Today @ The Gathering – September 7

Today @ The Gathering we continued in our present series, “Chasing Balance” with installment number four, the principle of “Rhythm.”

If it’s important to work, it’s also important to rest. Striking the balance of working enough and resting enough is a lifelong discipline.

Usually, most Americans err on the side of working too much, or at least being in a perpetual sense of activity and motion. With technology affordable and accessible to everyone, we are more plugged in than we’ve ever been. We’re also more tired and stressed out as well.

We learned about the three conditions that occur in our lives when there is no sacred space for rest and worship. They are:

1. Without sacred rhythm life feels more like and existence. That is, going in a perpetual circle of activity.
2. Without sacred rhythm life feels more like a treadmill. We just continue to turn the dial to the right and go faster and faster, hoping that we’ll achieve enough one day to feel as though we’ve earned the right to rest without feeling guilty.
3. Without sacred rhythm life is like a constant sound of static and noise that keeps us distracted and therefore stressed out.

We talked about the fact that God created the heavens and earth in six days and rested on the seventh; not because He was tired, but because He wanted to set an example and to hand to us the Sabbath principle. We highlighted four different aspects of the Sabbath.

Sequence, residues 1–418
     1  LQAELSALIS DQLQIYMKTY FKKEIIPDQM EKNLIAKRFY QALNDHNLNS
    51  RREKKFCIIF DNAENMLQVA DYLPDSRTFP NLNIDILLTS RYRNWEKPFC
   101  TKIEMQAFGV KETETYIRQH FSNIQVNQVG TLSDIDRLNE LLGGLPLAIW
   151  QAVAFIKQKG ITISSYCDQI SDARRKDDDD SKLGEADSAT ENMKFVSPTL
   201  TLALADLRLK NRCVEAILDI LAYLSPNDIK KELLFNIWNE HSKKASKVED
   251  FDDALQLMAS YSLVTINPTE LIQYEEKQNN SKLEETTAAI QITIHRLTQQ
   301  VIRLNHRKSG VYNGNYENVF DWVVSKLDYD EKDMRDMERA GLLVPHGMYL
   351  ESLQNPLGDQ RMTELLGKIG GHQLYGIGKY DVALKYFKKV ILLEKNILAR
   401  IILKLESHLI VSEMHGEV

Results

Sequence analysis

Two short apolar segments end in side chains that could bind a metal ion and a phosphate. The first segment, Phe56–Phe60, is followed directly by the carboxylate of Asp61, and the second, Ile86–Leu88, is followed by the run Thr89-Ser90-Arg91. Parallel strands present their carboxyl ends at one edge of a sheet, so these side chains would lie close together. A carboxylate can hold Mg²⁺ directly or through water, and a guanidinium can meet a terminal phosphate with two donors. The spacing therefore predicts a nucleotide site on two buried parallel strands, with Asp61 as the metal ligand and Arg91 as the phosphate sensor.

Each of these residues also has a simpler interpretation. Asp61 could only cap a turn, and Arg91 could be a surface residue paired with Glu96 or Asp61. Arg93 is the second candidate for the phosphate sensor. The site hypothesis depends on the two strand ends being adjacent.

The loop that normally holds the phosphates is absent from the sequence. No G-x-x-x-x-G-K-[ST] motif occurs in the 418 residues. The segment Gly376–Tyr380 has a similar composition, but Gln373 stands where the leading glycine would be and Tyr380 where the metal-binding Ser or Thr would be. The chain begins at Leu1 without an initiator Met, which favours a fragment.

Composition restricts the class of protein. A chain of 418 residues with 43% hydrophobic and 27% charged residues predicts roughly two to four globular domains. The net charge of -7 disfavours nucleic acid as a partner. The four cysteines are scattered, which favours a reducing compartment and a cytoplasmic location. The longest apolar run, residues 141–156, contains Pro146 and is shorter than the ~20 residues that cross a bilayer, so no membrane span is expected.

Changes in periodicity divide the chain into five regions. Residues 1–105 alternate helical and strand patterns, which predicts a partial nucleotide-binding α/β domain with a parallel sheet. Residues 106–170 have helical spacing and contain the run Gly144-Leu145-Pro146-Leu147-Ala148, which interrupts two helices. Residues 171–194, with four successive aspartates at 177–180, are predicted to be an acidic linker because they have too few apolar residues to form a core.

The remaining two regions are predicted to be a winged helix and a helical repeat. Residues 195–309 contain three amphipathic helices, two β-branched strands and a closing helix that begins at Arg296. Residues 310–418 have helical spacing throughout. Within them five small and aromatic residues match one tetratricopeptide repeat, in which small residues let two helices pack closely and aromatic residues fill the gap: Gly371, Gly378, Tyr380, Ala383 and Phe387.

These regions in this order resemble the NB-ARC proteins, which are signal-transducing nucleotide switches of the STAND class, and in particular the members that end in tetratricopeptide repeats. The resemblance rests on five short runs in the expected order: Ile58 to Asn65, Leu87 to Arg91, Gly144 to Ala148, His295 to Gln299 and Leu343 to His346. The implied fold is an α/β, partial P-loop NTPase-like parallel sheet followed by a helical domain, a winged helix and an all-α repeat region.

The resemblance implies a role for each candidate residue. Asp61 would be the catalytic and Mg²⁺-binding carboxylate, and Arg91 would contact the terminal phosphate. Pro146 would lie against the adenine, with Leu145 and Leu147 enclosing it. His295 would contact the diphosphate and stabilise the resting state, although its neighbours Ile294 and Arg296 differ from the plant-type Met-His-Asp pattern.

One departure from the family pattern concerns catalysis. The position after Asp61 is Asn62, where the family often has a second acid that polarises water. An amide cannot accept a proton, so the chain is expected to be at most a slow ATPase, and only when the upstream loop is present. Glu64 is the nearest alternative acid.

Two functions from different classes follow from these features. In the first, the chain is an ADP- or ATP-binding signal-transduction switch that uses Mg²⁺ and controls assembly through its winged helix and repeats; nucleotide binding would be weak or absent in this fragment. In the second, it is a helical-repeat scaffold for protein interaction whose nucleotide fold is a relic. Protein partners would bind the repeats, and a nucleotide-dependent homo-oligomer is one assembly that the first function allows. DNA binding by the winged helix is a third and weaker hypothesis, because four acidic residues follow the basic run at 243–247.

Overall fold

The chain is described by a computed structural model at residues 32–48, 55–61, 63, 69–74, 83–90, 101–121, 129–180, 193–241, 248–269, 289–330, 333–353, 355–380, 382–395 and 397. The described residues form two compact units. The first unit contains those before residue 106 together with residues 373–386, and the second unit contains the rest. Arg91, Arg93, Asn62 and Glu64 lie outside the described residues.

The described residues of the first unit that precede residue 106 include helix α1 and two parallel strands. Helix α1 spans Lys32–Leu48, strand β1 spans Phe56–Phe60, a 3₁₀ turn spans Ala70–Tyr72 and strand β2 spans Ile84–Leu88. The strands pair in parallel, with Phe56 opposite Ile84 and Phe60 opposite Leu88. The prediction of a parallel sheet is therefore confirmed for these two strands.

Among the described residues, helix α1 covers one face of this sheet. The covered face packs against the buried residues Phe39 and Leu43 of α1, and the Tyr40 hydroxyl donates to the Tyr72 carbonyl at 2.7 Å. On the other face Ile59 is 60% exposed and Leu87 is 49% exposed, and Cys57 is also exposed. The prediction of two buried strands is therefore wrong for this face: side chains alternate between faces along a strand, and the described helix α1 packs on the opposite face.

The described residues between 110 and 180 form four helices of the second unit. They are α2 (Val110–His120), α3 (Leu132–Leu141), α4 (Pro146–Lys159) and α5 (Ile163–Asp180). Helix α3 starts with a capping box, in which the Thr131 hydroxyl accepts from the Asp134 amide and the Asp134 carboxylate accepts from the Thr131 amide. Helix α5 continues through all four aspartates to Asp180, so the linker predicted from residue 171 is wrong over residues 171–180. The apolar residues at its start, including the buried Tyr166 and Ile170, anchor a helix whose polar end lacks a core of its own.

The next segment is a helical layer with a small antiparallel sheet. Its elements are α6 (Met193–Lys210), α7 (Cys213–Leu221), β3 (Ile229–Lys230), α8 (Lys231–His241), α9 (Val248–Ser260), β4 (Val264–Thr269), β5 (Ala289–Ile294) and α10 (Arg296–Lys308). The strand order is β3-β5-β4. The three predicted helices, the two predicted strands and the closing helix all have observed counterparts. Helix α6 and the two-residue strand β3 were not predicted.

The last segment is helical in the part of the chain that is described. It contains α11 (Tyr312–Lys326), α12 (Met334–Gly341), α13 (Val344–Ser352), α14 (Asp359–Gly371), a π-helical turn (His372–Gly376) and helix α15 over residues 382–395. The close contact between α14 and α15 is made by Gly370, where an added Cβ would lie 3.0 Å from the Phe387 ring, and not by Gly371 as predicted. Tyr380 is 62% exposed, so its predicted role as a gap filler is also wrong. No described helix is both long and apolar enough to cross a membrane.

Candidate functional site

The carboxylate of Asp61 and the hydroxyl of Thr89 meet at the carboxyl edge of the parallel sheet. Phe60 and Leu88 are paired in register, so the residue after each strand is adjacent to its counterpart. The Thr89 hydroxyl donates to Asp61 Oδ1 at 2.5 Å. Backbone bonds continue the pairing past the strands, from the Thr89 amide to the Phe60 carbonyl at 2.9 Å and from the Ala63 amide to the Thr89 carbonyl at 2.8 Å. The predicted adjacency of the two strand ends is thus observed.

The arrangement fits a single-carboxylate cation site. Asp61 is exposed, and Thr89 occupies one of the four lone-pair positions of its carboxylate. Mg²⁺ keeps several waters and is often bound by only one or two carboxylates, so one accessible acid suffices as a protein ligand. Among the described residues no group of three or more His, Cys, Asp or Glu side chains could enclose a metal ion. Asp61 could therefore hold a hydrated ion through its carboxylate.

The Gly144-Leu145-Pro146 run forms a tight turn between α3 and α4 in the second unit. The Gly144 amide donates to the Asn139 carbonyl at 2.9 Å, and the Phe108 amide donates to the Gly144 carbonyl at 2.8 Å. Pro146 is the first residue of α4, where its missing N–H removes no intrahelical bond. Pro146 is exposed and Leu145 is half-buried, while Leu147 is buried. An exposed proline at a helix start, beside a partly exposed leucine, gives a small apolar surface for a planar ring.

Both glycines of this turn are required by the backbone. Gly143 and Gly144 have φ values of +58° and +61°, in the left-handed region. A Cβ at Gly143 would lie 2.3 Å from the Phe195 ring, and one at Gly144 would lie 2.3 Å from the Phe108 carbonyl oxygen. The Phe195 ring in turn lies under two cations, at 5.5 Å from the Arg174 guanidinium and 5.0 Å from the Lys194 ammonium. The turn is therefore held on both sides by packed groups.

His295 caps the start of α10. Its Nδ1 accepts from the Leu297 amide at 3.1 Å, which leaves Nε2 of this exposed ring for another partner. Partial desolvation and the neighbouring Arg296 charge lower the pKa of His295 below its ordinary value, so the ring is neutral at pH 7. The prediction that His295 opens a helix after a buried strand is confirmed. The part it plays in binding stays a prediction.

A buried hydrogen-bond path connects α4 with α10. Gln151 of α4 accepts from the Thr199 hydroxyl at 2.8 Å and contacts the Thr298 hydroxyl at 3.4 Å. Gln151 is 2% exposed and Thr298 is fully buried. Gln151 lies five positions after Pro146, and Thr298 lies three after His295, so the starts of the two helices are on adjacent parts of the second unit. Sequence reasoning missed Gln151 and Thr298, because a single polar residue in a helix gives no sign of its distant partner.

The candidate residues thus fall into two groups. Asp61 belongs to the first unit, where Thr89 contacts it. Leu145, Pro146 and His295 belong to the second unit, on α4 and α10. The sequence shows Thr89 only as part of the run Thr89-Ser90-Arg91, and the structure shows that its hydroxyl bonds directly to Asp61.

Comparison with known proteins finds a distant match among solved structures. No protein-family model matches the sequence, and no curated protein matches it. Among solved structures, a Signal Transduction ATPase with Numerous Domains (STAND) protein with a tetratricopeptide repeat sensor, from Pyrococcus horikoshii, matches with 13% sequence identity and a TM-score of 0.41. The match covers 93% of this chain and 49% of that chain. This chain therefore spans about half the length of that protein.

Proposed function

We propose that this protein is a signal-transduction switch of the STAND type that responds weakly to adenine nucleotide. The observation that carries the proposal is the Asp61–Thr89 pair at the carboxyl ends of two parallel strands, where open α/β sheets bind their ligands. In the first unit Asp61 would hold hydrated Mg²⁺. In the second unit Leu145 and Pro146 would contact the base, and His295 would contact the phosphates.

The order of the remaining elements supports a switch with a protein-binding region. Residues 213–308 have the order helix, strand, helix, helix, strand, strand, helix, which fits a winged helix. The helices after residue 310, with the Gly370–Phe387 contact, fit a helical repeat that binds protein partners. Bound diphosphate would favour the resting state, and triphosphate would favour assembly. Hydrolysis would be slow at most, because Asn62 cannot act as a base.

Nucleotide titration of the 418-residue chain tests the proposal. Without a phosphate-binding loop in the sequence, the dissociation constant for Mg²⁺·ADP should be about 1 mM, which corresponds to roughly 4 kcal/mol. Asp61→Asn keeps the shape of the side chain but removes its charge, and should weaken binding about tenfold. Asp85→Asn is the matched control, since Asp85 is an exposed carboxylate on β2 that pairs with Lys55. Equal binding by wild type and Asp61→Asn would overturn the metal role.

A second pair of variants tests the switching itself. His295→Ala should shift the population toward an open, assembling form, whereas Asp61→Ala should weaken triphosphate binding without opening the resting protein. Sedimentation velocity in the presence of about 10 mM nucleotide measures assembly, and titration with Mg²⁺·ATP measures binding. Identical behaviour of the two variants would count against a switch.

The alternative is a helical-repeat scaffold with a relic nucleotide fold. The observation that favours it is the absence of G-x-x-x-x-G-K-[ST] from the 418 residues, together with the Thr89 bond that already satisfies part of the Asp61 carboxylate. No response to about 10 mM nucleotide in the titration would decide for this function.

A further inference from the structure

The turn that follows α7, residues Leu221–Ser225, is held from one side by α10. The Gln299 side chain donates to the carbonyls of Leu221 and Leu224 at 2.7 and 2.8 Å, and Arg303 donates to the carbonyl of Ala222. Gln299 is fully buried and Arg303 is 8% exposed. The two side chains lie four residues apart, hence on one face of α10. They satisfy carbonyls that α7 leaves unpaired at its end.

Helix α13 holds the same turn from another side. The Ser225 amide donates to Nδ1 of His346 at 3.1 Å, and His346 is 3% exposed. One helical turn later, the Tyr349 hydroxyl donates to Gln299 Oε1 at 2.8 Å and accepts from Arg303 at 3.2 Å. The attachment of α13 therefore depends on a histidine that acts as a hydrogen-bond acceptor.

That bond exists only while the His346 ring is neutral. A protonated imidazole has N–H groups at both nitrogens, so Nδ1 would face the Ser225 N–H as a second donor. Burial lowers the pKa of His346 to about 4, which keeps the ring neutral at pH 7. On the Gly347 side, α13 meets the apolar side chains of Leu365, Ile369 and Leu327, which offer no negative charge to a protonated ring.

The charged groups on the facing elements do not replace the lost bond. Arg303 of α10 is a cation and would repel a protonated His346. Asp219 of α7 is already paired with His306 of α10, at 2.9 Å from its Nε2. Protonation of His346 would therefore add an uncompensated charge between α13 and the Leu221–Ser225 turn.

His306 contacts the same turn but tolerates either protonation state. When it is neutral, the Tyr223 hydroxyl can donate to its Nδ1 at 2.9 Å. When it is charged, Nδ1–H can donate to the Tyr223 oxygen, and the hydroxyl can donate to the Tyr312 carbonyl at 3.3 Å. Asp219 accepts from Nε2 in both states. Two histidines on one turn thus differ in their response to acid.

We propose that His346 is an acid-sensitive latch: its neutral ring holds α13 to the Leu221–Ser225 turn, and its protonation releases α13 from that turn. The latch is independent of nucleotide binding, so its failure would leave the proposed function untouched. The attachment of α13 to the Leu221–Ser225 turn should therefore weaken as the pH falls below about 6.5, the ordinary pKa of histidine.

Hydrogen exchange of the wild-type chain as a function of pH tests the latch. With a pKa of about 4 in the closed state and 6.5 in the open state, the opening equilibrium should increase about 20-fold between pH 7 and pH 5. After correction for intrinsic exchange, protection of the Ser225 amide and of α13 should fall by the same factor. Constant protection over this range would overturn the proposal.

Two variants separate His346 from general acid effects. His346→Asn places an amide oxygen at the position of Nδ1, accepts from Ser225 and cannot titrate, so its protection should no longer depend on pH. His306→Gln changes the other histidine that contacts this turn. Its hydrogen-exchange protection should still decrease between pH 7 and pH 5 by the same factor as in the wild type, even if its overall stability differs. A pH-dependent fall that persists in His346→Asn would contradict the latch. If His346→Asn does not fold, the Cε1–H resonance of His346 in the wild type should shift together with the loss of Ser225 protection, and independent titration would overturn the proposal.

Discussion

1. It is not a particular day. In a world in which everything is open 24/7, many think we can’t use Sunday as a day of rest.
2. It’s not a religious straight-jacket. It’s not something we do for God that meets a need He has, but something He gives to us.
3. It’s a gift. God says that if we work in full engagement for six days, then one day we simply are not available for other people. We go off-line and give attention to our soul to renew, recharge, and relax.
4. The Sabbath principle is a reflection of reality. God created the world to operate in rhythms and seasons: times to be on and times to be off, times to have full engagement and times to pull back and to rest, relax, and renew.

Next week we will continue this series with the principle of “Reserves.”

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